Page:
• Backup Policy - Configure either periodic or continuous backup policy.
    • Encryption - Use either service-managed key or a customer-managed key.
    • Tags - Tags are name/value pairs that enable you to categorize resources and view consolidated billing by applying the same tag to multiple resources and resource groups.
  7. Select Review + create.

  8. Review the account settings, and then select Create. It takes a few minutes to create the account. Wait for the portal page to display Your deployment is complete.

    The Azure portal Notifications pane

  9. Select Go to resource to go to the Azure Cosmos DB account page.

Configure the sample application

The following procedure configures the test application.

  1. Open a command shell and clone either of the following examples:

    For Java version 3 driver and corresponding Spring version:

    git clone

    For Java version 4 driver and corresponding Spring version:

    git clone


    Although the usage described below is identical for both Java version 3 and version 4 samples above, the way in which they have been implemented in order to include custom retry and load balancing policies is different. We recommend reviewing the code to understand how to implement custom policies if you are making changes to an existing Spring Java application.

  2. Locate the file in the resources directory of the sample project, or create the file if it does not already exist.

  3. Open the file in a text editor, and add or configure the following lines in the file, and replace the sample values with the appropriate values from earlier:<Account Name><Account Name>********


    Parameter Description Specifies the Contact Point from earlier in this article. Specifies the Port from earlier in this article. Specifies your Username from earlier in this article. Specifies your Primary Password from earlier in this article.
  4. Save and close the file.

Package and test the sample application

Browse to the directory that contains the .pom file to build and test the application.

  1. Build the sample application with Maven; for example:

    mvn clean package
  2. Start the sample application; for example:

    java -jar target/spring-data-cassandra-on-azure-0.1.0-SNAPSHOT.jar
  3. Create new records using curl from a command prompt like the following examples:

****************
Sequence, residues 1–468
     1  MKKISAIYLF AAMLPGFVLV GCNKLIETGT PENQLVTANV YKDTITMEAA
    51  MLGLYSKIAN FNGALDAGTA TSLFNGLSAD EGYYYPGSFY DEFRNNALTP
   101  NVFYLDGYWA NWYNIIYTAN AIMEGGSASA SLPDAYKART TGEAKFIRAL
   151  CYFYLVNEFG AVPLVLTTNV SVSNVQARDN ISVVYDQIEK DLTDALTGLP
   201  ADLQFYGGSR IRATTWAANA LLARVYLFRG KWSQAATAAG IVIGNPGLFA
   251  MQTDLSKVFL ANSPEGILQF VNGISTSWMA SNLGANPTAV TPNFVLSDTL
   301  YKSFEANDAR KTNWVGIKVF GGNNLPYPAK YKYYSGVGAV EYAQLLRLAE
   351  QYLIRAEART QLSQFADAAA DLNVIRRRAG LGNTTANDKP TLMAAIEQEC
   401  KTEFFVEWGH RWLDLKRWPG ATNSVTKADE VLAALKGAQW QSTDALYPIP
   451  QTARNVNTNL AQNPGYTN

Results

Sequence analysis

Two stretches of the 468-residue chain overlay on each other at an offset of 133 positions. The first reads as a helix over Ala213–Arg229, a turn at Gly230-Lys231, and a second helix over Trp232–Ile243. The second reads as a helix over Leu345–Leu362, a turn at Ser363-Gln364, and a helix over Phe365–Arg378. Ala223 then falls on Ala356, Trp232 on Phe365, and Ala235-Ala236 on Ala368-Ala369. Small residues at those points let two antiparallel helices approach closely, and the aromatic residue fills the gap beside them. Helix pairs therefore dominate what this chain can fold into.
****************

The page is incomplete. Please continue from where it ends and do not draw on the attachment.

curl -s -d "{\"name\":\"dog\",\"species\":\"canine\"}" -H "Content-Type: application/json" -X POST http://localhost:8080/pets
    curl -s -d "{\"name\":\"cat\",\"species\":\"feline\"}" -H "Content-Type: application/json" -X POST http://localhost:8080/pets

    Your application should return values like the following:

    Added Pet{id=60fa8cb0-0423-11e9-9a70-39311962166b, name='dog', species='canine'}.
    Added Pet{id=72c1c9e0-0423-11e9-9a70-39311962166b, name='cat', species='feline'}.
  4. Retrieve all of the existing records using curl from a command prompt like the following examples:

    curl -s http://localhost:8080/pets

    Your application should return values like the following:


Clean up resources

When you're done with your app and Azure Cosmos DB account, you can delete the Azure resources you created so you don't incur more charges. To delete the resources:

  1. In the Azure portal Search bar, search for and select Resource groups.

  2. From the list, select the resource group you created for this quickstart.

    Select the resource group to delete

  3. On the resource group Overview page, select Delete resource group.

    Delete the resource group

  4. In the next window, enter the name of the resource group to delete, and then select Delete.

Next steps

To learn more about Spring and Azure, continue to the Spring on Azure documentation center.

Additional Resources

For more information about using Azure with Java, see the Azure for Java Developers and the Working with Azure DevOps and Java.